Miami Brewing Company's Jacob Lindsay Brews Special Beer for Schnebly's Lychee Festival

Miami Brewing Company's Jacob Lindsay was tasked with a challenge: Make a beer for Schnebly Redland's Winery's Lychee Summer Celebration on Saturday, July 2, using the exotic fruit grown at neighboring LNB Groves. 

While Lindsay is hardly the first brewer to make a lychee-inspired beer, it's possible no one's quite attained his level of creativity. Lindsay has created three distinct styles of lychee beer, each using separate parts of the fruit: the juice, pulp, and even the seed. 

Lychee is a fruit native to the southern part of China that thrives in Miami's subtropical weather. The festival celebrates the annual harvest season of the lychee fruit, which came late this year, Lindsay said. 

Lindsay researched what to do with the lychee fruit and came across an ancient Chinese remedy using the pulverized seeds to make a tea, which he will incorporate into a style. He's not sure which one he'll feature at the festival, but it could be a lychee creamsicle-style brew made with vanilla and coconuts. 

Using the pulp, Lindsay also made a kristalweiss beer named Beachy Lychee, which is a wheat ale similar to a hefeweizen, but filtered, giving it a lighter body and a crisper, cleaner flavor. 

Another beer is a collaboration with Miami's Gravity Brewlab that incorporated the juice, blending it with lychee honey, fermenting it with brettanomyces wild yeast strain before aging it in Balcones gin barrels

Several Miami homebrewers will be featured at the festival, too.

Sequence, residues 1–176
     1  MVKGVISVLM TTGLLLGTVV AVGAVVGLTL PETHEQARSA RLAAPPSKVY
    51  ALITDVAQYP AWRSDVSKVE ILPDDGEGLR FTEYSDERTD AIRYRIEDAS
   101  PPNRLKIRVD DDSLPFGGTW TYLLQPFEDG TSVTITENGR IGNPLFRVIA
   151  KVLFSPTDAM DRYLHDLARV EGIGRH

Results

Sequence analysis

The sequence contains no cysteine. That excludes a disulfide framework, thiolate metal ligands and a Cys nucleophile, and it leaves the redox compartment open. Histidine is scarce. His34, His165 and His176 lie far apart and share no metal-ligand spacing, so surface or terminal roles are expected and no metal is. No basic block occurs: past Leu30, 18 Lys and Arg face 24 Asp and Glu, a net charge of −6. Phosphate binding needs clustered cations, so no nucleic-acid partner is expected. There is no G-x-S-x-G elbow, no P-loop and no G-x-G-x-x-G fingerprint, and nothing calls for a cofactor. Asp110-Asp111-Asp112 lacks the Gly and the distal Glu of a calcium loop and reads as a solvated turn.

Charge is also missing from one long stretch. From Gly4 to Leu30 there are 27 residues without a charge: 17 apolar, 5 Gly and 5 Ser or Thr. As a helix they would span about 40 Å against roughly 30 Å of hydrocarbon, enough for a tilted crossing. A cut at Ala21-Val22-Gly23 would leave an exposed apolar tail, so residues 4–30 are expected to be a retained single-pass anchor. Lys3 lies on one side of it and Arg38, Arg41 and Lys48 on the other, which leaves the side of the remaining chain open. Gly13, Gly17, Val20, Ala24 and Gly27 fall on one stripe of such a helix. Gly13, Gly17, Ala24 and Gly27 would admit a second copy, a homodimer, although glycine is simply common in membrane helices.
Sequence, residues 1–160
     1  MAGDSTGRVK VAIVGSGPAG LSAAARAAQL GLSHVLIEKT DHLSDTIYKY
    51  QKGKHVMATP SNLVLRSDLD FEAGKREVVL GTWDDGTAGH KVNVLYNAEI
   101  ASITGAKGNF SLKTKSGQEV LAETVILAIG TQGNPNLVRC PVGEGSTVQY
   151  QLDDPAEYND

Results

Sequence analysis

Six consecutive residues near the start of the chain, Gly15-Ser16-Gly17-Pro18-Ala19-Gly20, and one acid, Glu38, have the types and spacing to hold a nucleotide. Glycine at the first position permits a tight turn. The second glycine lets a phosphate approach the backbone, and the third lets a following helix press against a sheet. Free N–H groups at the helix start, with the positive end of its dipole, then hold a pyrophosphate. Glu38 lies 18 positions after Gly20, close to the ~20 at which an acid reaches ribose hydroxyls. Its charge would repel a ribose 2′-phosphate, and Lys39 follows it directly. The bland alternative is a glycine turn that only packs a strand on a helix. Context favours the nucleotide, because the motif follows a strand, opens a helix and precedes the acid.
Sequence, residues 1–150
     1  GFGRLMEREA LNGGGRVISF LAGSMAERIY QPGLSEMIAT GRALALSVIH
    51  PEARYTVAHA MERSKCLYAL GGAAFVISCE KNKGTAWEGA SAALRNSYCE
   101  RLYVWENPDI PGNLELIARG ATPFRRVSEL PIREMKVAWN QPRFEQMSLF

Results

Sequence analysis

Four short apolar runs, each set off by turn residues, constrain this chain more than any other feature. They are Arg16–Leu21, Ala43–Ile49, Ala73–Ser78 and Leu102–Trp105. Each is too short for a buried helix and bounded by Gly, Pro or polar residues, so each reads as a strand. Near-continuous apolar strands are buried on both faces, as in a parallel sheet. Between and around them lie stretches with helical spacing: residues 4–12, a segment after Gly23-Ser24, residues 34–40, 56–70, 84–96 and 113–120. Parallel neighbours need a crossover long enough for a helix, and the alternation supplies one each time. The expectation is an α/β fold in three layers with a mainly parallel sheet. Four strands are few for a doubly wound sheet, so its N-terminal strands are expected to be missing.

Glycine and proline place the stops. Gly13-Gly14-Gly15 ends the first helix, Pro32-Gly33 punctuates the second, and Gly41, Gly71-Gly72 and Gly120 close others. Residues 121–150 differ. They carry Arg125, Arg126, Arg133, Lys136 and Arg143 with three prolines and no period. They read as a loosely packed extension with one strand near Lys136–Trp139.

Lindsay is planning several collaborations in the near future, teaming up with Denver's Epic Brewing Company,  Austin's Jester King Brewery, and Firestone Walker Brewing Company's Barrelworks in Buellton, California, where he and Jim Crooks will utilize juice from the lychee. 

As a brewer with his finger on the pulse of the industry, Lindsay says the use of tropical fruits in beer is the next big thing among breweries. That puts Lindsay at an advantage since the brewery grows a variety of tropical fruits on its farm including mangos, avocados, passionfruit, and lychees. "The idea of tropical fruits to me are what's happening in beer. We're just trying to showcase that these flavors are amazing. If you're not doing it, watch us now and start doing it." 

Beer is only a part of the festival. As the name suggest, it's all about the lychee. Lindsay is rolling out with a line of homemade lychee sodas made with honey rather than corn syrup. Of course, lychees straight from the tree will also be offered.

Food trucks will be on hand, as well as a pop-up menu created solely for the festival by Schnebly's in-house chef Dewey Lossaso. Other than beer, Lindsay's been working on fermented vegetables — more like fermented green carambola and habanero and mango slices. A variety of pickled fruits and vegetables will be available for people to try. 

In addition to food and drink, local artisans will sell their wares, several live bands will perform, and five of Miami's top graffiti artists (Krave, Fane, Delves, Terms, and Eraz) will host a collaborative art show. 

Miami Brewing Company and Schnebly Redland's Winery's Lychee Summer Celebration runs from 11 a.m. to 11 p.m. on Saturday, July 2, at 30205 SW 217th Ave., Homestead. Presale tickets are $10 for adults and $5 for kids; tickets at the door are $15 for adults, $8 for kids. Tickets include some free tastings, although most beer tastings will be ticketed separately. Parking is free. 

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